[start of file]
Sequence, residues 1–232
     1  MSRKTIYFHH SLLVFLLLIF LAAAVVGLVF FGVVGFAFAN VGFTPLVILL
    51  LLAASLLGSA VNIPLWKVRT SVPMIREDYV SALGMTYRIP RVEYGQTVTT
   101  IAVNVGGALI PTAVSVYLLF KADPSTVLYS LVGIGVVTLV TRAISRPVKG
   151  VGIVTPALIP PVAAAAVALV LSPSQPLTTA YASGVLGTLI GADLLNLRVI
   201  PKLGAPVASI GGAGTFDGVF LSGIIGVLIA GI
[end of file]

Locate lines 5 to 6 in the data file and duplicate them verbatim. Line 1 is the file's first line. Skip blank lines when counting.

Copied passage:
   151  VGIVTPALIP PVAAAAVALV LSPSQPLTTA YASGVLGTLI GADLLNLRVI
   201  PKLGAPVASI GGAGTFDGVF LSGIIGVLIA GI